One in three workers admit to pulling ‘sickies’
Post by Kelly Swift
on 18 July 2011 in Family & Finance
A staggering 33 per cent of people admitted to pulling ‘sickies’ to get time off work according to a recent survey.
The poll, which was organised by PricewaterhouseCoopers (PwC), found that one in three people had called in sick to work when they were not really ill, often because they were bored or depressed. Those asked admitted that sick days were often premeditated, with four in 10 people saying they would fake symptoms in the office in the days leading up to the day off.
As well as calling in sick to get a day off work, those asked also said they used other more far-fetched excuses. One included saying that their rabbit had run away, while another said they had amnesia. More than 20 per cent of people cited family reasons for their time off work, something which PwC said could be prevented by introducing flexible working.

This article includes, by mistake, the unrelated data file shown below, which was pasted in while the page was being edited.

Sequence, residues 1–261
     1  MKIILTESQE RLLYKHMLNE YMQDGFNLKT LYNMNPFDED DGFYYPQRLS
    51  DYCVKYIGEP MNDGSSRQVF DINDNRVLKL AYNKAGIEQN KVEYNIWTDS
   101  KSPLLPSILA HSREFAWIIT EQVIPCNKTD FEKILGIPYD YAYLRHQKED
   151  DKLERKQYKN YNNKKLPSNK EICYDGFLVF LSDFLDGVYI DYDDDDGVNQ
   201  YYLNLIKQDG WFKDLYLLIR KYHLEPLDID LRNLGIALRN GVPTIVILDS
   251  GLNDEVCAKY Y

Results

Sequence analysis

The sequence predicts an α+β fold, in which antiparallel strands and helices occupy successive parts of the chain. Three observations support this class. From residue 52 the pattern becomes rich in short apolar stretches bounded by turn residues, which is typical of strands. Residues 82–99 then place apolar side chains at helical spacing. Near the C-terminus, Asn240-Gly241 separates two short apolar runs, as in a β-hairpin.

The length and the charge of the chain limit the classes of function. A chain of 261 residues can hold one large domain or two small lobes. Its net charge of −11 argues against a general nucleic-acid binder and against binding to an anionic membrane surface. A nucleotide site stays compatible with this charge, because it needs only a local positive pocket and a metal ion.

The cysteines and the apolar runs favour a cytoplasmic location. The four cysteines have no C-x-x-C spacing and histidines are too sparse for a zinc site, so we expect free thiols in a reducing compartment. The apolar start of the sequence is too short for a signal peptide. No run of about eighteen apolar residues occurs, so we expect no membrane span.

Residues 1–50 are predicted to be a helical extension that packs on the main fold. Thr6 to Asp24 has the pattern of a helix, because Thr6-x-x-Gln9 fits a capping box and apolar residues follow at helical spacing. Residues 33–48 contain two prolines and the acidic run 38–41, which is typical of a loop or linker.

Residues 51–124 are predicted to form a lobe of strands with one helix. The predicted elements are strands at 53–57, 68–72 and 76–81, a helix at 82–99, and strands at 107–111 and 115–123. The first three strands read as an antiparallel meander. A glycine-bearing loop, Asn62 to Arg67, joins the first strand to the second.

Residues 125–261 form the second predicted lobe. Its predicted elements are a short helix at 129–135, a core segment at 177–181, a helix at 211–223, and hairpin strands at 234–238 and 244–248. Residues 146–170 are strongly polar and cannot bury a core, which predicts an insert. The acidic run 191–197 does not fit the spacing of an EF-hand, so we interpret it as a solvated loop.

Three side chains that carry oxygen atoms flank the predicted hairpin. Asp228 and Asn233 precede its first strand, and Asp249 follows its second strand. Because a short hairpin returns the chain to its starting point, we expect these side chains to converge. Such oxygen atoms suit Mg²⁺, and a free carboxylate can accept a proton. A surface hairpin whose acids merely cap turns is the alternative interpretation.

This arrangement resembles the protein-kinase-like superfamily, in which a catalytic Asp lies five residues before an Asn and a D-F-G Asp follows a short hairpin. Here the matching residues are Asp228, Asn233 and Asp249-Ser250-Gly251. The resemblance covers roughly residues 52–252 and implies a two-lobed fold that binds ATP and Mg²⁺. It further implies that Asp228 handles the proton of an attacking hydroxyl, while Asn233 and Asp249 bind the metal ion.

Neil Roden, a partner at PwC, said: “Absenteeism costs British business around £32bn a year, but our findings suggest a large chunk of this loss is preventable.
“Introducing or enhancing flexible working arrangements can make a difference. Ensuring people feel they're not taken for granted is also important. Some 15 per cent of those who provided false excuses felt they deserved the time.”
Some more unusual or amusing excuses given included: a dart to the back of the head, injury during sex, breast enhancement surgery and one woman in Wales who said that ‘limescale from the shower fell into her eye’. In one case of bad planning, a man used a dog’s illness as an excuse to stay at home, forgetting that he had previously told employers that his dog had died in order to get time off work.